Esther Freud New Book on Motherhood and Love

I remember reading Hideous Kinky shortly after its release and re-watching the Film when I returned from Morocco, hoping to relive our journey, although it is very different from that of Esther Freud’s novel, based on her own childhood experiences. I also had your recent novel, Mr. Mac and me, Comrades, which was reviewed in 2014 and had me read I Couldn’t Love You More, which spans three generations of women, each with the other.It it would be better – it was clear to the nuns-to keep the details of their lives to themselves.

Aoife plans to leave the family farm as soon as possible, take the ferry and travel to London, where she becomes a window decorator. There she falls in love with Cashel, who longs to return to Ireland and saves enough to run the Brixton Pub, which they take over to buy a farm there. Her eldest daughter follows in her mother’s footsteps, returns to London as soon as she can and, much to Aoife’s delight, gets a job at The Daily Express, although Rosaleen does not tell her that it is at the post office.

Her work can be boring, but Rosaleen gets into an affair with Felix, a sculptor she meets in a Soho Pub, who takes her into a flat in Maida Vale. Felix seems happy when she announces her pregnancy, but events take a turn that leaves her desperate and alone. She does what so many Irish Catholic girls have done for her and turns to the church, which is welcomed by nuns in a mother-child home, without saying what is happening to her daughter. In the 90s, Kate struggles with her husband’s alcoholism, he takes care of six-year-old Freya and longs for her biological mother.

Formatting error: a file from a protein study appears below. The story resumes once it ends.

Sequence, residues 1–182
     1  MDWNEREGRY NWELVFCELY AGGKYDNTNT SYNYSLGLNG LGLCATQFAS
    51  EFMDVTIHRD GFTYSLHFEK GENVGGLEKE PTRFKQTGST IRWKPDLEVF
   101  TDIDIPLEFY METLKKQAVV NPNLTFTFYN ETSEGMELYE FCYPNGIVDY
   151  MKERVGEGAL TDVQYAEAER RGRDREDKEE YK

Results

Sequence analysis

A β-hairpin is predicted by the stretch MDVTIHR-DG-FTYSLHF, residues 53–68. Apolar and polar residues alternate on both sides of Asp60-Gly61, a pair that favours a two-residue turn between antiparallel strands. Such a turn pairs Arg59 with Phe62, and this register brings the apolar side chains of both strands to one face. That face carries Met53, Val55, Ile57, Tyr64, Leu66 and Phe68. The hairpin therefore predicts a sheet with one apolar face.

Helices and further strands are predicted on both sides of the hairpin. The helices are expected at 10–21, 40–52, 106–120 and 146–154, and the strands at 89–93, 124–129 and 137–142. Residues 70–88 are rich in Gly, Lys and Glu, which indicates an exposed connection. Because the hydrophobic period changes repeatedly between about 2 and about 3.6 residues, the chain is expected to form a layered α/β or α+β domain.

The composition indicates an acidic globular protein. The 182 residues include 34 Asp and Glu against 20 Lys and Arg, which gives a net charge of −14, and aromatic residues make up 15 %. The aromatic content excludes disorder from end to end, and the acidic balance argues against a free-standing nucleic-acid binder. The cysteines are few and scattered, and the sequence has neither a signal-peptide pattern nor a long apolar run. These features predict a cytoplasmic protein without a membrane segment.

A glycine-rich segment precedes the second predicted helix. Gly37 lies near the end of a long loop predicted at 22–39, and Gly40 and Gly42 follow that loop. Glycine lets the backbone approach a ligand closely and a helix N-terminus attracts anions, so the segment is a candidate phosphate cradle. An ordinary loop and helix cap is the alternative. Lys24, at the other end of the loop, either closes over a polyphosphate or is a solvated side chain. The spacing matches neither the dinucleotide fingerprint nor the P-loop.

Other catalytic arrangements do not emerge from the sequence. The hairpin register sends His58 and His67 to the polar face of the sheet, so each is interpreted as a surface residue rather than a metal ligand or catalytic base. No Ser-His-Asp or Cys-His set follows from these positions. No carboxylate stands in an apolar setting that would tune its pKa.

As always, I’m not sure about whom I should be sad about, Freud’s story is too familiar, but she manages it beautifully, intertwining the strands of the three women’s stories and telling Kate with her own voice that gives her both directness and sharpness. Aoife remains haunted by Rosaleen’s disappearance, dismissed by Cashel as a “rage from the beginning”, her determination and spirit mirroring that of her mother. Rosaleen’s story is set in the context of bohemian London of the 60s in stark contrast to the draconian rules of the convent where she is, the nuns almost seem to profit from the misery of single mothers who want to shame her. Kate’s constant observations about women who might be her mother bring the pain home, not quite knowing who she is, as she becomes wary of hurting her adoptive parents. So much sadness and nostalgia are woven through this story of loss, grief and motherhood, that I exceptionally longed for a happy ending and that Freud creates the good, offers the prospect of hope and reconciliation, while remaining saccharine-clean.

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